Elizabeth Warren Flays Wells Fargo CEO: ‘You Should Resign’ (VIDEO)

Senate Banking Committee member Sen. Elizabeth Warren, D-Mass., center, questions Wells Fargo Chief Executive Officer John Stumpf, on Capitol Hill in Washington, Tuesday, Sept. 20, 2016, during the committee's hearin... Senate Banking Committee member Sen. Elizabeth Warren, D-Mass., center, questions Wells Fargo Chief Executive Officer John Stumpf, on Capitol Hill in Washington, Tuesday, Sept. 20, 2016, during the committee's hearing. Stumpf was called before the committee for betraying customers' trust in a scandal over allegations that employees opened millions of unauthorized accounts to meet aggressive sales targets. (AP Photo/Susan Walsh) MORE LESS
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In a fiery Capitol Hill hearing Tuesday morning, Sen. Elizabeth Warren (D-MA) offered an incredible rebuke of John Stumpf, the CEO of Wells Fargo, where bank employees under pressure to meet demanding sales targets opened more than two million fake bank accounts over the last several years.

“You should resign. You should give back the money that you took while this scam was going on, and you should be criminally investigated, by the Department of Justice and the Securities and Exchange Commission.” Warren said.

Stumpf and Wells Fargo executives have denied there was any coordinated effort to open fake bank accounts in an attempt to boost the company’s stock price. Instead, Stumpf maintained Tuesday that individual bankers made decisions independently to open the fake accounts. Wells Fargo has fired more than 5,000 employees in connection with the fake accounts.

But Warren wasn’t letting Stumpf off the hook nor did a cadre of other senators – both Republicans and Democrats – who grilled the CEO.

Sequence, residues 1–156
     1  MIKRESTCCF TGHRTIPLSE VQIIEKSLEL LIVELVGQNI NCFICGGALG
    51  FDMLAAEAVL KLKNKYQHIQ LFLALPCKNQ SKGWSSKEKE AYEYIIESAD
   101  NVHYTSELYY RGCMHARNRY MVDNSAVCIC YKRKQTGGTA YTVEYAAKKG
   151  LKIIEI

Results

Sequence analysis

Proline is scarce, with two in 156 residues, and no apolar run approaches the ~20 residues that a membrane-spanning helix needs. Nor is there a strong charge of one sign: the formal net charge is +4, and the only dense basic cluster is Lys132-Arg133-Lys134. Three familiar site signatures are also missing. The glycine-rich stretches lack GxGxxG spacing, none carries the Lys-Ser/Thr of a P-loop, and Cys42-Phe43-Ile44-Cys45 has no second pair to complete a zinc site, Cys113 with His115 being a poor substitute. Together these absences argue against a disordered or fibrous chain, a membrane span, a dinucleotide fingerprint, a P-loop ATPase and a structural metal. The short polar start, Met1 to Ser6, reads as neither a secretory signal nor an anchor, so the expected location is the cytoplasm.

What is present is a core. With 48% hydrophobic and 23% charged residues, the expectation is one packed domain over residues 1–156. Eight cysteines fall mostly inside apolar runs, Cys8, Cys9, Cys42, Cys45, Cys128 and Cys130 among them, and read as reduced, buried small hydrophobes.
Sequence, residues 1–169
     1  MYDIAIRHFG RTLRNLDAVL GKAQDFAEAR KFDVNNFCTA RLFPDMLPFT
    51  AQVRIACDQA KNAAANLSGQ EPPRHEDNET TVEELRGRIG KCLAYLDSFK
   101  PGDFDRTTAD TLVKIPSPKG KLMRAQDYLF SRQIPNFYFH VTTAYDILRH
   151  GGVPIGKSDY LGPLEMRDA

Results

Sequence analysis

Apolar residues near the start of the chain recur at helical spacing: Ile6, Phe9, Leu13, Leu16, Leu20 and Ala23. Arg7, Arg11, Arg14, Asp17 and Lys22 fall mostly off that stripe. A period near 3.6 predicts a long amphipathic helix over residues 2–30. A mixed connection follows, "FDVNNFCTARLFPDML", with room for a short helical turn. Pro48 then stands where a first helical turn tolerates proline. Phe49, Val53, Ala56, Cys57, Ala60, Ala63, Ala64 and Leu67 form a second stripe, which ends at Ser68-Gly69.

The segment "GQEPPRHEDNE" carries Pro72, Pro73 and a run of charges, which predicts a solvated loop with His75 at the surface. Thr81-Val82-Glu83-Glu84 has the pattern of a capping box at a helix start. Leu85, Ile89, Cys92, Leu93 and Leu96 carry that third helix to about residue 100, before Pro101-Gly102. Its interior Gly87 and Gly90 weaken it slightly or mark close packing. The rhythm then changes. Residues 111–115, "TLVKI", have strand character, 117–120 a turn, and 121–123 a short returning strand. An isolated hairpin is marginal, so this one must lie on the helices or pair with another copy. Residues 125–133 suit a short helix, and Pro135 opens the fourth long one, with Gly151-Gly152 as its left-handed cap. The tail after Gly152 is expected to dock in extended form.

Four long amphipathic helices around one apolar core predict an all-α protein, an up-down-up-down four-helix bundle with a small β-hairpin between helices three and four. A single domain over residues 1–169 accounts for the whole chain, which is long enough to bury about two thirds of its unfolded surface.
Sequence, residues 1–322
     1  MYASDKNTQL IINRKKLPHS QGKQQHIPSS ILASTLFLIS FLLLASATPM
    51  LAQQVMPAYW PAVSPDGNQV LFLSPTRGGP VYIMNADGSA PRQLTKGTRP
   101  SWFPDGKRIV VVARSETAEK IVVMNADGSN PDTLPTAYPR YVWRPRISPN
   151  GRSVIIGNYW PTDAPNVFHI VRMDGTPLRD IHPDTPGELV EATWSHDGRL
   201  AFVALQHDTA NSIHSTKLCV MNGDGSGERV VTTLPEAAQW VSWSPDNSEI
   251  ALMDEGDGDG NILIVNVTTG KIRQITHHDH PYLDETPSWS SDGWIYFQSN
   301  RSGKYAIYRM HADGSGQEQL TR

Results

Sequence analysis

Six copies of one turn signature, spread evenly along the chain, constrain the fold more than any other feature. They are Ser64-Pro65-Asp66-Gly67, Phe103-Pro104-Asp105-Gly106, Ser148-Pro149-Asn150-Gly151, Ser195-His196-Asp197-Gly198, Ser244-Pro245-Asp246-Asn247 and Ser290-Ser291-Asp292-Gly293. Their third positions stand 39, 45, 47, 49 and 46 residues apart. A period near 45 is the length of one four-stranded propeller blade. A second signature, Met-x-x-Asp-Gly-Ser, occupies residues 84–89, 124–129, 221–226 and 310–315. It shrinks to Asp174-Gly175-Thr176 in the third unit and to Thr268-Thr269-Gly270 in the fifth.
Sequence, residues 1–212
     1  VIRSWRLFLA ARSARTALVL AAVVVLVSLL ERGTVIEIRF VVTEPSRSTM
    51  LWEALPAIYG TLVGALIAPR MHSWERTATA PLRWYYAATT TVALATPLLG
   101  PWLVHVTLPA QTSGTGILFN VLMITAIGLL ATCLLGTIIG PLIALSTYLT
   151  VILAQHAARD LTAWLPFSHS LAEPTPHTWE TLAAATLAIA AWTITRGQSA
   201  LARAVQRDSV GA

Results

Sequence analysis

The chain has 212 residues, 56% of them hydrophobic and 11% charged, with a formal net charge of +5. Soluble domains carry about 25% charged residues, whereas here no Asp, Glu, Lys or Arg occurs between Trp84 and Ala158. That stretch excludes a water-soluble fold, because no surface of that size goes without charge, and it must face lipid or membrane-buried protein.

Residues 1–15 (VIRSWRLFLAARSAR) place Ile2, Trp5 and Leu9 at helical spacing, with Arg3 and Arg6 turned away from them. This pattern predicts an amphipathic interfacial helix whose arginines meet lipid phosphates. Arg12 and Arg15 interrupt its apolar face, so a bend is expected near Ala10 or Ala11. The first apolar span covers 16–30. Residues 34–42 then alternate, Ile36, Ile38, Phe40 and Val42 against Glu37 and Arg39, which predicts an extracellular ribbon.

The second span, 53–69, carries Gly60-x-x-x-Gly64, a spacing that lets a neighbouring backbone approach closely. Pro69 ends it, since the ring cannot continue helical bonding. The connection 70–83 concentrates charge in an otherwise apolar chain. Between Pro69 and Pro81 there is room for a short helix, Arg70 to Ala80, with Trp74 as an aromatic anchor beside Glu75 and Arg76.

“This just is not right. A cashier is held accountable, but Wall Street executives who never hold themselves accountable, not now and not in 2008 when they crashed the worldwide economy,” Warren said. “The only way that Wall Street will change is if executives face jail time when they preside over massive fraud. We need tough new laws to hold corporate executives personally accountable.”

During her line of questioning at the Senate Banking Committee hearing, Warren argued that Stumpf had personally profited from the bankers opening up the fake accounts. She read from quarterly meetings where Stumpf had personally used growth in the number of individual customers accounts to justify the value of the bank.

“You squeezed your employees to the breaking point so they would cheat customers and you could drive up the value of your stock and put hundreds of millions of dollars in your own pocket,” Warren said. “And when it all blew up, you kept your job, you kept your multimillion dollar bonuses, and you went on television to blame thousands of $12 an hour employees who were just trying to meet cross sell quotas that made you rich.”

Watch Warren grill Stumpf:

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